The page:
Analysis: Minister dumbs down apartment guidelines

Kelly denies rules on design will catapult Dublin and other cities to ‘shoebox living’

You’ve got to hand it to the estate agents. When Gandon Close, a neoclassical scheme in Harold’s Cross in Dublin came on the market more than 20 years ago, the choice of apartment types on offer was a studio called “the Continental” or a single-bedroom unit called “the Empire”; one was 35sq m, the other 40sq m.

Similarly, Liam Carroll’s mock-Georgian development on Bachelors Walk in Dublin city centre was sold by Hooke & MacDonald as offering “not just an apartment – more a way of life”, even though 85 per cent of the 335 flats were small single-bedroom units laid out along artificially-lit corridors only 1.27m wide, much like rooms in a budget hotel.

Minister for the Environment Alan Kelly has denied his new guidelines on apartment design will catapult Dublin and other cities back to “shoebox living” conditions. They permit studios of 40sq m, just 2sq m more than the minimum standard set in 1995, and they cut the minimum floor space requirement in other types of apartment.

In a drive for more flexibility in design, the guidelines ostensibly aim to cater for “households with a child or children; students; older people; and an increasingly mobile workforce”, while also seeking to ensure affordability in construction for developers through “the application of a nationally consistent approach”.


Others see Kelly’s initiative as a knee-jerk response to intensive lobbying by the Construction Industry Federation, Ibec’s Property Industry Ireland division and developers from overseas, such as the Texas-based Hines group, which has plans to develop managed “build-to-let” schemes in Dublin’s Docklands and elsewhere.

The Minister decided to intervene because he apparently accepts the lobbyists’ view that higher standards for apartment design adopted by Dublin, Cork and Galway city councils – however worthwhile in themselves – have been a major contributory factor to the low level of housing output in these cities over the past few years.

Knowledge-economy workers

There was also the fear that, after bagging companies such as Google, Facebook and Twitter, IDA Ireland’s efforts to attract more of this type of foreign direct investment (FDI) had been hampered in the past year or so by a growing perception that Dublin lacks the type of accommodation that “international knowledge- economy workers” prefer.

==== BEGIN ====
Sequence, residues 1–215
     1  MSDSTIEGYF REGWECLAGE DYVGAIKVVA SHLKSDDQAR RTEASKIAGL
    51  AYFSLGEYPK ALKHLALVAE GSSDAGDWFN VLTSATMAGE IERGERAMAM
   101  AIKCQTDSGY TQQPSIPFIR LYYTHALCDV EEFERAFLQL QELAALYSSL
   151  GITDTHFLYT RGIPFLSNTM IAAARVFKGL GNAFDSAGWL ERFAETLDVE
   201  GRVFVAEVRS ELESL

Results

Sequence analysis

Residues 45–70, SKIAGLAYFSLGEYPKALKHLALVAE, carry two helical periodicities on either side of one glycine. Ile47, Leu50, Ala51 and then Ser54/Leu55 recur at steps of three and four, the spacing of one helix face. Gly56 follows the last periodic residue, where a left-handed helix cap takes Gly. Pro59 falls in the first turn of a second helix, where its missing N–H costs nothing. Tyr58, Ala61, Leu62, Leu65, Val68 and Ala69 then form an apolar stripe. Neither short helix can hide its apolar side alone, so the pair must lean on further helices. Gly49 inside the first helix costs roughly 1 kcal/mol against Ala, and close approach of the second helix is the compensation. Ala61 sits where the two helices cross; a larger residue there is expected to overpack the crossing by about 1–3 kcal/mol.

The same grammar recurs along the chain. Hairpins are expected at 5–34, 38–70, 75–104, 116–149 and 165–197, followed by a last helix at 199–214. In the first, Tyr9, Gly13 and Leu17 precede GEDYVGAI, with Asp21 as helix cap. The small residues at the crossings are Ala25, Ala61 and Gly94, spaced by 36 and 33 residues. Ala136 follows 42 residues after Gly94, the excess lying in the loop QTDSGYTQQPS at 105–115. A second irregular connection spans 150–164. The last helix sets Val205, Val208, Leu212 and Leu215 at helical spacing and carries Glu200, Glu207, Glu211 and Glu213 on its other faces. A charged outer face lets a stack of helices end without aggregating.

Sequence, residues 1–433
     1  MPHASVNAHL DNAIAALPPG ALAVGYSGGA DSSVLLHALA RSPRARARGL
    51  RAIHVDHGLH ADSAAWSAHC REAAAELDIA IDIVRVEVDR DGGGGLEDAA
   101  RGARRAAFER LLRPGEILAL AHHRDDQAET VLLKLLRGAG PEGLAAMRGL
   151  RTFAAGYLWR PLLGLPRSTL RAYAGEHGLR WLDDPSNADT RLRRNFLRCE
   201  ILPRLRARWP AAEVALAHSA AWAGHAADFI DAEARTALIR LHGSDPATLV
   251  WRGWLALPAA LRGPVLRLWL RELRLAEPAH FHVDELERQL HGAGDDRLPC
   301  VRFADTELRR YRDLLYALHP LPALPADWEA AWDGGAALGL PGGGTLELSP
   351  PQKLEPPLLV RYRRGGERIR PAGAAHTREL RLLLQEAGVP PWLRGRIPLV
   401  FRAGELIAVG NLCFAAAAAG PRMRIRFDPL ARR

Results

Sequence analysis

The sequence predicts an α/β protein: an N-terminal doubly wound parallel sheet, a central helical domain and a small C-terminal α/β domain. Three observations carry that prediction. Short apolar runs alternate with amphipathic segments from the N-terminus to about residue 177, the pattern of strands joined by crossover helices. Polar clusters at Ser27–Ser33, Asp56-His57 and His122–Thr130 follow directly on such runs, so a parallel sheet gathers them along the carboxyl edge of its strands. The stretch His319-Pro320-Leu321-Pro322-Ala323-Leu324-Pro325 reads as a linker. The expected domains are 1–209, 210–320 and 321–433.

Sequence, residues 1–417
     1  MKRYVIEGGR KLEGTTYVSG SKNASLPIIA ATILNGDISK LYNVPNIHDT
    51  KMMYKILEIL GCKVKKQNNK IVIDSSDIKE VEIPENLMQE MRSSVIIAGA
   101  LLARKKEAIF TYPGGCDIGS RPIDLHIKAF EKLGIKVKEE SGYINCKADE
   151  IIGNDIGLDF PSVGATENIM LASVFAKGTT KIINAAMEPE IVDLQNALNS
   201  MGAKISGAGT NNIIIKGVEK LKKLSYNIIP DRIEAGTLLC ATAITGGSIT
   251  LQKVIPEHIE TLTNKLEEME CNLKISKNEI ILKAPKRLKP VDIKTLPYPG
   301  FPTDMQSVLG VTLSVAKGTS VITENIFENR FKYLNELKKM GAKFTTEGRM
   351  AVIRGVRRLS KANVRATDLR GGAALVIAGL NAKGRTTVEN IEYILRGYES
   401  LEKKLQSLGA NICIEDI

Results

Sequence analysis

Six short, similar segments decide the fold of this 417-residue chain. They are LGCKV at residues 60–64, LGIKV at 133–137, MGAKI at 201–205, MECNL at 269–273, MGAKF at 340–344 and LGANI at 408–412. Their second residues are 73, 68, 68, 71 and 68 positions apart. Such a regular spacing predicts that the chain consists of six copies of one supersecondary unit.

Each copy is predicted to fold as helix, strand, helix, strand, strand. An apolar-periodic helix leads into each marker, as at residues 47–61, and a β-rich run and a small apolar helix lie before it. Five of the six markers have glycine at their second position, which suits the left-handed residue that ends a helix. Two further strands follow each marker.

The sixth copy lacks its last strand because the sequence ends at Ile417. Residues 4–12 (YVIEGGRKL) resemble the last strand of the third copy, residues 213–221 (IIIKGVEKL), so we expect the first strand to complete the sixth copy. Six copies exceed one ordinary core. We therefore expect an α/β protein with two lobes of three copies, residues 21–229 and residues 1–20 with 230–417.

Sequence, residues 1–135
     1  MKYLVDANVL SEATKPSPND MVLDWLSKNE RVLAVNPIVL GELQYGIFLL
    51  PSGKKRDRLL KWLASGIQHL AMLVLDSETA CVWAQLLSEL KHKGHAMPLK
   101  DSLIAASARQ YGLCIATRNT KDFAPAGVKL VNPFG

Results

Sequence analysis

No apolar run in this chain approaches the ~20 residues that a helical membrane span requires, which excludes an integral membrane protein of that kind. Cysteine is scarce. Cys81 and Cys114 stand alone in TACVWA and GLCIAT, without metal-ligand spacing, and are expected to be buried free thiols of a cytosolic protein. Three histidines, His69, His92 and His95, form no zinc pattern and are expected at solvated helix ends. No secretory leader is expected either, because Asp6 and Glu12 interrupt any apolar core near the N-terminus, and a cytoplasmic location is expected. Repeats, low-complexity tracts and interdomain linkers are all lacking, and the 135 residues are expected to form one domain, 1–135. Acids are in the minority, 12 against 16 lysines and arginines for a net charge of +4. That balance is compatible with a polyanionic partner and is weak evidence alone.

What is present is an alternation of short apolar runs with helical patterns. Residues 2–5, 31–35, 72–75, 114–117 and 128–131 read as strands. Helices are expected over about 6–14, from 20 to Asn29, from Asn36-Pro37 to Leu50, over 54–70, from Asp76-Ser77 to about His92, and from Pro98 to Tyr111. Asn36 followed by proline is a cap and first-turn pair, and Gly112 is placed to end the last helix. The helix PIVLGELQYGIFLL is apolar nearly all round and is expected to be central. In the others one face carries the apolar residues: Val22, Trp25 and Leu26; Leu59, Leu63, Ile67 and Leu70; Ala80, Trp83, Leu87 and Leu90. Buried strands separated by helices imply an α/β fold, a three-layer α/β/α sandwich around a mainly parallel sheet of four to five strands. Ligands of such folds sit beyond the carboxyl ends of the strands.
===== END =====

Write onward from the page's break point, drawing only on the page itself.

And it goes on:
“There have been instances that FDI companies have recently been opting to locate their European headquarters in Berlin or Copenhagen, in preference to Dublin, for this reason,” one source said, referring to a wish-list among highly mobile tech-company staff for amenities such as gyms, chill-out zones and full-time concierges in apartment blocks.

It certainly could not be an issue of size alone. In Berlin, the minimum size of a one-bedroom apartment is 48sq m – marginally more than the 45sq m specified here – while, in Copenhagen, the standard size of a one-bedroom apartment is 70sq m. In both cities it would also be normal to have extra storage areas in the basement of a block.

It’s on storage that Kelly’s guidelines are the meanest. “As a rule, no individual storage room within an apartment should exceed 3.5sq m”, the document says, adding that developers “may provide” separate basement storage areas for bulky items such as bicycles, skis, baby buggies and children’s outdoor toys. But there is no requirement to do so.

Windowless kitchens

One of the characteristics of earlier schemes of “shoebox” flats was that kitchens were windowless, tucked into the back of livingrooms. The idea that they should have their own windows, rather than relying on mechanical ventilation, was regarded as preposterous by estate agents, who warned that any such imposition could undermine the market.

But “dual-aspect” apartments, with windows facing in two directions to guarantee good daylight, became the norm after new design guidelines came into force in 1995. So did the standard of having no more than six apartments per floor served from a lift and stairs.

Both of these requirements are dumbed down by Kelly’s new diktat.

Only an “absolute minimum” of 33 per cent of apartments in any scheme need to be dual aspect. “Ideally, three-bedroomed apartments should be dual aspect,” the guidelines say, adding that even these minimal requirements “may be relaxed where it is proposed to refurbish an older building in a constrained urban context”.

Similarly, the number of lifts is to be reduced. In general, lift and stair cores will now serve eight apartments per floor. This is justified on the basis that “maximising the number of apartments per stair/lift core should assist in ensuring that service charges and maintenance costs faced by residents into the future are kept at reasonable levels”.

Overall, one might expect any new set of guidelines to specify higher standards than what went before, in the public interest. What's remarkable about Sustainable Urban Housing Design Standards for New Apartments: Guidelines for Planning Authorities is that it does exactly the opposite, by enshrining the lowest common denominator.